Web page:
David S. Wills on William S. Burroughs and Scientology

Interview by Matthew Levi Stevens

So, David, tell me a little bit about your background?  How did you first become aware of the Beats, and what lead to your starting Beatdom?

David S. Wills, Scientologyist: William S. Burroughs and the Strange CultWhen I was in university I was doing a lot of very confessional writing. I’m not sure what inspired me, but a friend pointed out that it sounded a bit like Kerouac, so he gave me his copy of On the Road. After that I did a lot of Beat reading, particularly of Kerouac, and my professors largely encouraged this.

Ultimately, when I graduated, I realized that the chances of me getting a job in literature were slim. I wanted to be a writer or an editor, but you didn’t see a lot of these opportunities in the local “wanted” ads. So when I left university I just started my own publication. Initially it was just to gain some practical experience, and then it sort of snowballed. 

To begin with, I called in a lot of favours from friends and blagged my way into interviews. I didn’t tell anyone that this was the first issue. I just pretended that Beatdom was a well-established publication and no one seemed to suspect otherwise. 

Had you always wanted to be a writer?

For as long as I’ve been aware, I wanted to be a writer. It’s one of those things that goes back beyond your memory, like your favourite football team. In a way, you’re cursed with it. It most likely started it reading, though, because as a kid I read at least a book every day, and sometimes more. I think everyone grows up wanting to emulate their heroes, and for me those people were the ones who’d made up the stories I read.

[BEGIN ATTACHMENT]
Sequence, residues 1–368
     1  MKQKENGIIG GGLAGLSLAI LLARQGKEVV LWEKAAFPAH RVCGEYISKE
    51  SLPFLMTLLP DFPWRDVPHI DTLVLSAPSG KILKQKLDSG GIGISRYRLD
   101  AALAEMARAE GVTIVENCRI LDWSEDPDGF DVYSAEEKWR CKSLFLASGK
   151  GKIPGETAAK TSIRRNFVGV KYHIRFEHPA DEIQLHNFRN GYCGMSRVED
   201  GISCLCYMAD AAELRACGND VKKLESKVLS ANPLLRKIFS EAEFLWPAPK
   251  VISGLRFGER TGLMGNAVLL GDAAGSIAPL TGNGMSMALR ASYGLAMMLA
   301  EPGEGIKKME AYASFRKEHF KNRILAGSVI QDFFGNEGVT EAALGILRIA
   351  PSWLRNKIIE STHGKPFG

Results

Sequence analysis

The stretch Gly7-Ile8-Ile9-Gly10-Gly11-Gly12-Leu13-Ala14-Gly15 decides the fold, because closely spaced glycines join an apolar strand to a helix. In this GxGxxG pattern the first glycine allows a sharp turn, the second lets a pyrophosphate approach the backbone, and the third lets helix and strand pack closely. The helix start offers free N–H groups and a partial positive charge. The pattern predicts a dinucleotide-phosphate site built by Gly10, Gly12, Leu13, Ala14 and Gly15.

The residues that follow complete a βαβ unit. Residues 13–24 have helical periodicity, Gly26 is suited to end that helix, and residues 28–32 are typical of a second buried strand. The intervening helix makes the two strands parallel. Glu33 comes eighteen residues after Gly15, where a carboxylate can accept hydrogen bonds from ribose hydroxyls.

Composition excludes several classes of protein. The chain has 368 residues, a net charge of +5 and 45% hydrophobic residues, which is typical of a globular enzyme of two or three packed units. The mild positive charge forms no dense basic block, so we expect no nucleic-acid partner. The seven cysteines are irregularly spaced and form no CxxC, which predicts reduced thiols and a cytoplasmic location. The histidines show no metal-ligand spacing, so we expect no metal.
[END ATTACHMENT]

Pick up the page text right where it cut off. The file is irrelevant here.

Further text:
Is William Burroughs a particular favourite among the Beats for you? If so, how did that come about? What set him apart?

He’s my central interest, that’s for sure. Like I said, it used to be Kerouac. Kerouac gripped me for years but in the end I think I stopped being so drawn to his books and felt like the millions of scholars out there already had his life covered. I was interested in Ginsberg for a bit, and other Beats, before getting into Burroughs. He was certainly the one I knew least about when I started Beatdom. I don’t think there was much about him in any of the early issues.

It’s not really that I’m a big fan of his work, but rather than I find him utterly fascinating as a character. He really is more interesting than his books, I feel. A few years ago I began reading more about him and his biographies really gripped me. 

The subject of your most excellent book: Burroughs and Scientology. What drew you to this particular area of his life & work?

Well, although his biographies and other books about him really got stuck into certain topics, they left others relatively uncovered. We were doing a religion-themed issue of Beatdom and I wanted to write something about Burroughs, and someone mentioned his brief interest in Scientology. I began to do some research and found that there was little there. I took this as a sign that maybe his interest was overblown. But there was one essay that seemed to suggest that he was more than briefly interested. However, as I read it, I started to pick it apart and realized that the essay contained too many errors. 

This motivated me to dig deeper and the deeper I went, the more I found. Ultimately I realized that this was a really big topic that deserved more than a few lines in a few books.

Did you know anything much about Scientology before you began work on the book?

No, not at all. I knew about as much as anyone else: It’s a crazy cult that only attention-starved celebrities join, and that people are brainwashed into believing insane space stories. 

How did you set about your research?